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A conversation with Colin Atrophy Hagendorf
/ by Liz Pelly

On Wednesday afternoon, Colin Atrophy and I met up for pizza in Bushwick to discuss his book Slice Harvester: A Memoir In Pizza, officially out this week. The book expands upon the writings Colin has penned over the years under the "Slice Harvester" moniker, using reviews of every pizza shop in Manhattan as a lens for personal writing on punk, the city, friendship, relationships, recovery, and more. It's a project he took on in August 2009, eating over 400 plain slices in about two years, writing blog reviews and compiling them into zines along the way.

Colin's memoir is a rare story, both funny and heavy, using his trajectory as pizza blogger/zinester to pick apart his his own self growth, and also channel a social and political subtext you would expect from someone raised on a critical punk worldview. "It's about me dealing with a bunch of unhealthy patterns and acknowledging my shitty behaviors," he explains. "The roots of a lot of that stuff lie in the impacts the patriarchy has had on me, and has on all people."

After grabbing a few slices, we walked under a rolling JMZ train at dusk back towards the Silent Barn,

where we sat up in the yard loft and chatted for an hour about growing up punk in the suburbs, the radical potential of making stuff, the value of humor, how techno-capitalism is making us all fucking not talk to each other, and a lot of other stuff. The Barn is also where he'll celebrate the release of the book this Tuesday night at 8pm, with a reading, sets by Downtown Boys and In School, and 69 free pizzas.

How are you feeling? The book is out in a week!

It's really surreal and I'm still just stressed out that no one's going to like it. Or that they'll be like, "I thought this book was gonna be about pizza but then

it was about drugs. And alcohol. I don't like that. This person's vulgar and they curse too much."

That's funny, as I was reading it I was kind of imagining people who have never been exposed to punk or radical politics reading it. And at every turn being like, "Huh? ... What? . . . WHAT." Because literally every sentence could be its own story.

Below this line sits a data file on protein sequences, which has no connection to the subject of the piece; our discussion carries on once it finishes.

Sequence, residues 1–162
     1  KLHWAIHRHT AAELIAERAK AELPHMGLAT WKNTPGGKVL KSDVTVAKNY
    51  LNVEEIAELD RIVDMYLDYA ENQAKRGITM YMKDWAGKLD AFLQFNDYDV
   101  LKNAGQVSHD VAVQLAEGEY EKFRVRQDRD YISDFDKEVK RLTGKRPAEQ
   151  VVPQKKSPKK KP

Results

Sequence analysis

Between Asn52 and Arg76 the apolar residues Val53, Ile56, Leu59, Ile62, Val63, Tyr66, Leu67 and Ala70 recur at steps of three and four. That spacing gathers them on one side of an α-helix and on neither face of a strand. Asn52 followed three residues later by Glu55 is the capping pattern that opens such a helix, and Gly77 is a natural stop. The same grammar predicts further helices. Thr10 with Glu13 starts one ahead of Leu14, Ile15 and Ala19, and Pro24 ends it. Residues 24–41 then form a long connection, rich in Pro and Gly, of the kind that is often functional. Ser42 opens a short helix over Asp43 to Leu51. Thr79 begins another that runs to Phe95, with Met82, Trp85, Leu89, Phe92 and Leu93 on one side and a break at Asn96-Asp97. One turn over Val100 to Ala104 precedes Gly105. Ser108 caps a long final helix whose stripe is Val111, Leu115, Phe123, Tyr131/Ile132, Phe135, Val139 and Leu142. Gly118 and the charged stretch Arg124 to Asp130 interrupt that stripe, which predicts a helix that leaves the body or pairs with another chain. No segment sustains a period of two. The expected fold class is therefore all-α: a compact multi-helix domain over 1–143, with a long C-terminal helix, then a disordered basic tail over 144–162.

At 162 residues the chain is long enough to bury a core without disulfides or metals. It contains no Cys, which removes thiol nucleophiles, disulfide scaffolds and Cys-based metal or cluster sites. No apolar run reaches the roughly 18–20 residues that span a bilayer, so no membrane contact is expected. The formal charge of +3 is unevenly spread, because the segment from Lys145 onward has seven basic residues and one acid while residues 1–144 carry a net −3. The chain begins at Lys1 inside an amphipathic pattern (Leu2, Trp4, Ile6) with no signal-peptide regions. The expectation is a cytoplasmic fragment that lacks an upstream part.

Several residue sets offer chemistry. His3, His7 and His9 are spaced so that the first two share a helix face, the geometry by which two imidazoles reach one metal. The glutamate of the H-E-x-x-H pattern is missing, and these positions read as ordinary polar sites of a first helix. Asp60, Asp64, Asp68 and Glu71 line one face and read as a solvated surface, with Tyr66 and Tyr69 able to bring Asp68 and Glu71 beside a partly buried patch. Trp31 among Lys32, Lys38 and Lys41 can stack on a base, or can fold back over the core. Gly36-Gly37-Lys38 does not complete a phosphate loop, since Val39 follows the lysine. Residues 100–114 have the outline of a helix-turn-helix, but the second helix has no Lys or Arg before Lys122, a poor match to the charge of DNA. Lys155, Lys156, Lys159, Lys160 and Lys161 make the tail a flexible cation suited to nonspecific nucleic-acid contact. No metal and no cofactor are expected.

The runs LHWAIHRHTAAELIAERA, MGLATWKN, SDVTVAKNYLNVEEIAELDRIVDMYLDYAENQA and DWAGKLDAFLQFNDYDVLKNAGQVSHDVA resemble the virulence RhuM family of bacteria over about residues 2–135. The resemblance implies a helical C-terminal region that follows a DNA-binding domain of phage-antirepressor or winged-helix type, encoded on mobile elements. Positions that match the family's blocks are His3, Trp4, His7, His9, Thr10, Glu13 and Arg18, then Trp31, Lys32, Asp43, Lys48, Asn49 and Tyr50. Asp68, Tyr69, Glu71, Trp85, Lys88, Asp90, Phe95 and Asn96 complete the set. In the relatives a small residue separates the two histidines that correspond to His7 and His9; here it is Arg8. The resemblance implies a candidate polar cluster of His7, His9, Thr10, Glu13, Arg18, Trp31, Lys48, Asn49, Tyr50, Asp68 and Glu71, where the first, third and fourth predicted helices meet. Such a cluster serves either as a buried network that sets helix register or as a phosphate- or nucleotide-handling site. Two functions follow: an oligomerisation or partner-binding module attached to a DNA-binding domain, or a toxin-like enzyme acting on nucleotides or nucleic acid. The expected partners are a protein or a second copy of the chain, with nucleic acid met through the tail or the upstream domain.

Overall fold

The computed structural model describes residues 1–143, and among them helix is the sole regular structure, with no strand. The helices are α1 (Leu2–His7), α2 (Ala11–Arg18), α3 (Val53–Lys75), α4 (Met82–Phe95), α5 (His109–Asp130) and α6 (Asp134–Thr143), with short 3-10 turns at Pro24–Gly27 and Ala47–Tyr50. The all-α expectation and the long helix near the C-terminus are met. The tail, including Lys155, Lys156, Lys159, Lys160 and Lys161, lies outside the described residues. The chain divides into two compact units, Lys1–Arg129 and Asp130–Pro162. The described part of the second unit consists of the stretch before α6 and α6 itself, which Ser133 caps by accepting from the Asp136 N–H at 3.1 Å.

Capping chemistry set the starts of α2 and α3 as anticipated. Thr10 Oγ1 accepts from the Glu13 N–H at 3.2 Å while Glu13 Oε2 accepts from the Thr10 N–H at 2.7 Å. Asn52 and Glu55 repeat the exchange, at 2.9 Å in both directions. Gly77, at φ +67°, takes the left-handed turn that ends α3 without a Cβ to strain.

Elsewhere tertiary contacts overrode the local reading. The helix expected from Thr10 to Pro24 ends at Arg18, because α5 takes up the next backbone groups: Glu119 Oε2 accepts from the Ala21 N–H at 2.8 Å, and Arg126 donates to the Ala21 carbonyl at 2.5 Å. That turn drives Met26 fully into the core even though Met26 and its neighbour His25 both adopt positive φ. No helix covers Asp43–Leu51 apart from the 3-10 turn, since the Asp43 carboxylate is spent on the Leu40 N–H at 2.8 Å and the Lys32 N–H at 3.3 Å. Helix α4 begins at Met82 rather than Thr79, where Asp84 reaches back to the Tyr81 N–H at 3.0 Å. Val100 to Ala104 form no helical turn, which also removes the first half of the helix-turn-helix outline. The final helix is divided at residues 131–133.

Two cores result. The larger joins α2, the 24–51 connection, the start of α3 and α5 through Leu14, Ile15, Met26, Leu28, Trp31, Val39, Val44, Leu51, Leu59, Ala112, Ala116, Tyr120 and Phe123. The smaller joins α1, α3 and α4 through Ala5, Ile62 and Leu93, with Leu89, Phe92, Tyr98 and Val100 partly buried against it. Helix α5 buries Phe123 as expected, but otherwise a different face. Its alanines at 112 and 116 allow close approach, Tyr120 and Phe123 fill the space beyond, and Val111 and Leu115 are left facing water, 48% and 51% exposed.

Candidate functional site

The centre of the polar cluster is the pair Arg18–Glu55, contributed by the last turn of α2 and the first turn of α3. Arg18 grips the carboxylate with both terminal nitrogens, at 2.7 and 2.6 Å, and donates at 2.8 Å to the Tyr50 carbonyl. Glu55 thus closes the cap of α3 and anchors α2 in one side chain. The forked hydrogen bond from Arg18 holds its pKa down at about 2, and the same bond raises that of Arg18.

Are you nervous about people who are in the book reading it?

No. Most of them have already read it. I was a little bit scared because a lot of the book deals with a pretty heavy relationship I was in at a super vulnerable point in my life. That relationship was really transformative and I grew a lot, but it ended while I was finishing the book. It kind of just ran its course. In a lot of ways, writing the relationship helped me process and realize that it was ending, but also when it was done and the book was handed in and it was out my hands, I was really scared about how she was going to feel. But she read it, and she's proud of me. Because she's a good person. That was something that stressed me out in terms of being a memoirist. . . .

Dancing in the brightest dark / by Edgar Gonzalez

Quinceaneras are coming-out parties: you go into the party a child, you come out an adult. Your drunken tio tells stories about shit he did when he was 15; you dance to songs you hated as a kid with people you hardly recognize; you step on people’s shoes because it turns out DDR isn’t a viable dance class. It is a ceremony that celebrates culture, community, the moment at which a person reaches the truest form of “personhood.” A quinceanera is a celebration of identity . . .

An interview with Laetitia Tamko / by Katie Alice Greer

Laetitia Tamko is a songwriter, singer and guitarist based in Brooklyn, New York. Her musical project Vagabon's cassette release ‘Persian Garden’ is one of my favorites of the year. The band recently finished a summer tour, and after being enthralled with their live show, I wrote to Laetitia asking about her tour experience. She told me about being on the road, growing up in Cameroon, coming to the USA just before 9/11, her songwriting process, and bandmates.

K: First I want to know how tour went. This new lineup . . .


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